The three main characters (Zoe, a small-town waitress with a mysterious past; Lucy, a teenager with no memory of her own past; and Seeley, an agent with a complicated past) are all incredibly well drawn and detailed. I enjoyed learning more about each of them as the story progressed, and felt like I truly “knew” all three by the book’s end.

Once you finish enjoying all the action and see what happens to the characters at the end, you can take a deep breath and realize…..all that excitement wasn’t REALLY what the book was about at all. The riveting storyline was the backdrop for an exploration of the theme of how much your past does or does not influence your present. As each character moves through this adventure, he or she contemplates the past and thinks about its effects on who they are in the present. Each also considers, in his/her own way, whether or not there’s anything they can do about the past, and whether it’s possible to write a new narrative for the future.

This is a work of Christian fiction. God is definitely present throughout the story, but more in His “still, small voice” form than in more overt ways. Personally, I liked seeing how the characters responded to God speaking to them, even if they didn’t really know Him. As a Christian, I walked away with some important things to think after reading this book.

One note: While this is definitely a Christian book, some hard-core things take place. People get shot, people die, people are tortured. Nothing overly graphic in the descriptions, but if violence is a trigger for you, please be aware that you’ll find some in this novel. I thought everything was appropriate and important to the plot, not just thrown in gratuitously, and did not detract from the message.

All in all, I loved the story. Five out of five slices of perfectly-aged Provolone.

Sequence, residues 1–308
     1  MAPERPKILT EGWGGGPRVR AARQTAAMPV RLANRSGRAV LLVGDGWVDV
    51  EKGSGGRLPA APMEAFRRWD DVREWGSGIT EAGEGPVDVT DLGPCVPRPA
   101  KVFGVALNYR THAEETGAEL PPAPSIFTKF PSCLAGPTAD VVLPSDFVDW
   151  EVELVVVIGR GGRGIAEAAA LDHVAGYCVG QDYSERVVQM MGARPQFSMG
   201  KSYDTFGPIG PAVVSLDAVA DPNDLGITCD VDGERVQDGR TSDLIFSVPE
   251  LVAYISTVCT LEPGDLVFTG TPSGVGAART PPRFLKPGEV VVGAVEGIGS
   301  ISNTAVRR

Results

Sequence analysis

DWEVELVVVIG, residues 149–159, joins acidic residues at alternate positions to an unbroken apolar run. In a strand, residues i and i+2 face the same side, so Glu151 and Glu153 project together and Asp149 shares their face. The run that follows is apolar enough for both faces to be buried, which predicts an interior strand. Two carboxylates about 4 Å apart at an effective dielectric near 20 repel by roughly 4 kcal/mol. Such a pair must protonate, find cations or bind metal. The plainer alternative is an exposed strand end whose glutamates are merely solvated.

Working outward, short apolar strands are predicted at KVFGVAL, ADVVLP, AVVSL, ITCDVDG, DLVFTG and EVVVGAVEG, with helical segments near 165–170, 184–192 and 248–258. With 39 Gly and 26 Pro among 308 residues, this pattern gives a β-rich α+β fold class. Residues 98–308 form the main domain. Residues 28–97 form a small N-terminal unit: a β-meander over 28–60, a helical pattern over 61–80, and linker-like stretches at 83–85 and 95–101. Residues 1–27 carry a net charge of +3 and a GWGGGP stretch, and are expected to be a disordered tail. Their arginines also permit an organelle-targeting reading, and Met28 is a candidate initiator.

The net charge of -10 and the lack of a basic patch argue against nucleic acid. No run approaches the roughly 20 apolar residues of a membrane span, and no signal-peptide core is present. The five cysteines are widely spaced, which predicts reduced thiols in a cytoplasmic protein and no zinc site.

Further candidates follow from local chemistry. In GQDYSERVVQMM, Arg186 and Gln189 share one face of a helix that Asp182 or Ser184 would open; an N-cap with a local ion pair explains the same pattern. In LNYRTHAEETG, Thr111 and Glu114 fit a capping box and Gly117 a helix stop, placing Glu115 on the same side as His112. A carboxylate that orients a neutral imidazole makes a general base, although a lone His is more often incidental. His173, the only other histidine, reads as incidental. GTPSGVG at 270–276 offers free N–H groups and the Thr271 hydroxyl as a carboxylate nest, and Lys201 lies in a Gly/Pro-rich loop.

Book Review: Three Treats Too Many by Debra H. Goldstein

“Three Treats Too Many” is the third book in the Sarah Blair series by Debra H. Goldstein, and is a fabulous addition to the series! Goldstein has scored a home run with main character Sarah, who is practical, straight-forward, and genuinely kind. I’ve enjoyed watching Sarah’s growth through the first two books, and was pleased to see it continue in this one. I also appreciate that Sarah herself knows and admits she still has some self-improvement to do, and spends some time thinking about it. I can’t wait to see what comes next for her. Minor characters (including snippy rival Jane, up-and-coming politician Anne, Rah-Rah the Siamese cat, and Fluffy the puppy) are also well-drawn, with distinctive personalities. I’m particularly excited to see what Anne will tackle in upcoming books!

In this installment, Sarah gets involved when a young woman is murdered near her home/business, and one of her friends is the main suspect.

Once again, Ms. Goldstein manages to avoid the typical cozy mystery romance tropes. Three books into the series, and our heroine is still single, and just embarking on a new romantic relationship that definitely takes a back seat to the rest of the story. That is refreshing! Yes, cozy fans, a mystery can be fabulous and filled with important relationships without focusing on romance (or a love triangle).